Seismic activity in this part of Canada is not well understood. Much of central-eastern Canada is covered by the Canadian Shield, a massive, ancient, and stable rock formation that makes up the interior of the North American Plate. Lacking plate boundaries, this is not a locale that one typically associates with earthquakes. According to Natural Resources Canada, eastern Canadian earthquakes are due to “regional stress fields” and are concentrated in areas of “crustal weakness.” The end of the last ice age, which had caused land once pressed down by the weight of glaciers to rebound, may be a factor. Some scientists believe that “post-glacial rebound stress” has directly caused earthquakes, or has reactivated old faults which have led to earthquakes.

Ottawa residents are likely to remember the moderate magnitude 5.0 Mw earthquake that struck the nation’s capital in late June 2010. The epicentre was located roughly 60 kilometres north of Ottawa near Buckingham, Quebec. It was felt in Toronto, Montreal and south to New Jersey in the United States. Damage was slight. Some windows were broken, and power was cut in parts of downtown. No injuries were reported.

This earthquake was reportedly the strongest Ottawa had experienced in sixty-five years. That earlier earthquake struck on 28 February 1925 at 9.20.17 pm Eastern Standard Time. The capital was shaken by a 6.2 Mw earthquake whose epicentre was located near Shawinigan, Quebec, 260 kilometres distant, in the Charlevoix Seismic Zone. So strong was the quake that it was felt more than 1,000 kilometres away. On the Modified Mercalli Index, which measures an earthquake’s intensity or effects as opposed to the amount of energy released, the earthquake reached level VIII (severe) (out of ten grades) in the area close to the epicentre. At this level, people panic, trees are shaken strongly, and there is widespread building damage, including fallen chimneys, walls and pillars.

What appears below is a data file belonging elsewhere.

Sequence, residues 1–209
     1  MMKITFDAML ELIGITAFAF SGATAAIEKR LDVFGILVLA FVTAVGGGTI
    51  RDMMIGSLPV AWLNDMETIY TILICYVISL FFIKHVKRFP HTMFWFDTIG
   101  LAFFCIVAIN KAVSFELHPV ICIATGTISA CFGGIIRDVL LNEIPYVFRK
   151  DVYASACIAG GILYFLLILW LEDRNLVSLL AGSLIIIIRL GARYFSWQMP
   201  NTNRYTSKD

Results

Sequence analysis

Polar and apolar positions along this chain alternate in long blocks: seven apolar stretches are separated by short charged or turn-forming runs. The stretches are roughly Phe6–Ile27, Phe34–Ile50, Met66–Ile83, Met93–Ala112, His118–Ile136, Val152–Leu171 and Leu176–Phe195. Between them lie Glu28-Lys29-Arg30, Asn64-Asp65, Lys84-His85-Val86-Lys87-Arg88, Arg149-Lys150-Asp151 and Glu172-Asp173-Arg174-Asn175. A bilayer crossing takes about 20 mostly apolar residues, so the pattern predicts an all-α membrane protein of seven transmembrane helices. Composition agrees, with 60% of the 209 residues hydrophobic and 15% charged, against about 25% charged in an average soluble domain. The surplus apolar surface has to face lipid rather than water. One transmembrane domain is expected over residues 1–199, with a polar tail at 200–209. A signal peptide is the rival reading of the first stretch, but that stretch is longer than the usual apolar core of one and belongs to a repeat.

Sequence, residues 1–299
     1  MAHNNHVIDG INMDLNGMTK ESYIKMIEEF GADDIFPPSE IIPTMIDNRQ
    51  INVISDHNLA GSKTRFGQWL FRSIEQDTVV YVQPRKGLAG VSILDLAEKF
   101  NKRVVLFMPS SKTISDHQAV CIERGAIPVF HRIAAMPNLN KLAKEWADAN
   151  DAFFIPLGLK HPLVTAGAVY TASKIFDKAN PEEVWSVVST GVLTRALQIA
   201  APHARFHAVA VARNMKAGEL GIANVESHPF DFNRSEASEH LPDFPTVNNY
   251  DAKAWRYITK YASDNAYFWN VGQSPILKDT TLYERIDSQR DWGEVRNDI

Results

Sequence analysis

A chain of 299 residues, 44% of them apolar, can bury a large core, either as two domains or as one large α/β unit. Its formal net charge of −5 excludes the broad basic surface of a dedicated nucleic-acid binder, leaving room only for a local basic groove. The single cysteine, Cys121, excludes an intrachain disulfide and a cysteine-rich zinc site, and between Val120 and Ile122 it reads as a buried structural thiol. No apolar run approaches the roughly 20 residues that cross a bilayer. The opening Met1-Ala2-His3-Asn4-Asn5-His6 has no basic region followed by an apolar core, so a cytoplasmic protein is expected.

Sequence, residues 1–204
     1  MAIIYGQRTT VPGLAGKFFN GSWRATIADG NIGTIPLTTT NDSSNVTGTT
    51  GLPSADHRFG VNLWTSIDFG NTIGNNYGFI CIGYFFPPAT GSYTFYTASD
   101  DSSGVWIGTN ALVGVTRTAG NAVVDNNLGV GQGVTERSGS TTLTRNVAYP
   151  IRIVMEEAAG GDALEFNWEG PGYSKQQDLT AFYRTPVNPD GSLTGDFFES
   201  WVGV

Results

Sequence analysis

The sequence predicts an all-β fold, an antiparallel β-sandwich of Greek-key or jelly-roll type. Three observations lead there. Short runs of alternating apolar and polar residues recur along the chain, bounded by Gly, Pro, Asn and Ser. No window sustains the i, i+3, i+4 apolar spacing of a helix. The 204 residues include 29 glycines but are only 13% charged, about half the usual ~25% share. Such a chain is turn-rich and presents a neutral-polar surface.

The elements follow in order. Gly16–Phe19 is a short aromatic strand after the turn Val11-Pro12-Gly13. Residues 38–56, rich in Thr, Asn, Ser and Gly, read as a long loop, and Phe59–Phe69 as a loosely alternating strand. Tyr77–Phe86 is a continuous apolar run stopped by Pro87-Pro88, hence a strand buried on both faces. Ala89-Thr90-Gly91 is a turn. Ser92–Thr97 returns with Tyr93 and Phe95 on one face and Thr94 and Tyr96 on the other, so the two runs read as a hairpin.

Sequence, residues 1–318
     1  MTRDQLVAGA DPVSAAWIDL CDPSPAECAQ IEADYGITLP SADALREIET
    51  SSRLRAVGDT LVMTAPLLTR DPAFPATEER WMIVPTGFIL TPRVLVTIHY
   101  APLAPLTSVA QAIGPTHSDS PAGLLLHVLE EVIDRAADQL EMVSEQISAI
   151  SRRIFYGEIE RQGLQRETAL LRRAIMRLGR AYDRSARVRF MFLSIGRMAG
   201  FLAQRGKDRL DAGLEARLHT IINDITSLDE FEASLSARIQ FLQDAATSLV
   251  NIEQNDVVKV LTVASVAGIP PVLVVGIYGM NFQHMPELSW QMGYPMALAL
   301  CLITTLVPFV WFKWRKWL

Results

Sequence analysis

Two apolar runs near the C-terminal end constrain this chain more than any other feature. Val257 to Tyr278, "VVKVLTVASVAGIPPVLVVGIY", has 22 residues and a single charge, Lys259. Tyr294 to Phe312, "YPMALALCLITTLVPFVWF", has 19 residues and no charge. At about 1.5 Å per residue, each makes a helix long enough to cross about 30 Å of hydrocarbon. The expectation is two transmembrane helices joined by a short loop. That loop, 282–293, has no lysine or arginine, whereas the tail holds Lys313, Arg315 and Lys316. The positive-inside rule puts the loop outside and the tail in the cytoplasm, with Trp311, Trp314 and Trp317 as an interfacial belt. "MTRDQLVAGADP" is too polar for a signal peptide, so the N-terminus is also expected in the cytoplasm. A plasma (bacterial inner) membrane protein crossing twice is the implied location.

While the epicentre of the 1925 earthquake was more than 200 kilometers further away than the 2010 earthquake, its effects on Ottawa were considerably larger owing to its increased magnitude. A 6.2 Mw earthquake is almost 16 times bigger than a 5 Mw earthquake and is 63 times stronger in terms of energy released.   After the earthquake, The Ottawa Evening Journal reported that the capital had not seen such excitement since Armistice Day that ended the Great War in 1918. Fortunately, there were no injuries and property damage was slight.

The 1925 earthquake lasted ten minutes or longer in some locales, though tremors apparently continued for several hours, keeping anxious citizens awake through the night wondering whether a still larger quake was still to come. Residents of Sandy Hill and Ottawa South were the worst affected in Ottawa, mostly likely because of the soft clay on which these neighbourhoods sit. Some people became nauseated by the rolling motion underfoot which was described like “the swaying of a rapidly moving train or the rolling of a small boat.” This was followed by an intense up and down bumping, accompanied in some areas by a low, thunder-like noise, or rumble. The earth’s movement was most strongly felt by those in the upper floors of apartment buildings, especially those situated close to the Victoria Memorial Museum (now called the Museum of Nature). At the Queen Mary Apartments on the corner of Elgin and McLeod Streets, walls and ceilings cracked, furniture bumped, plaster fell from walls, china rolled off of plate rails, and doors creaked. In the nearby Mackenzie Apartments, several windows broke while on the upper floors plaster dust covered furniture and mirrors broke. Many residents rushed from the building in panic. At the Victoria Memorial Museum, plaster fell from the walls. Oddly, cracks in the entranceway closed, making it the only building to have possibly benefited from the earthquake. The building, which was constructed on clay, had been plagued with cracks since it was completed in 1911. Indeed, the tower above the main entrance had to be removed a few years after the museum was completed for reasons of public safety owing to settling.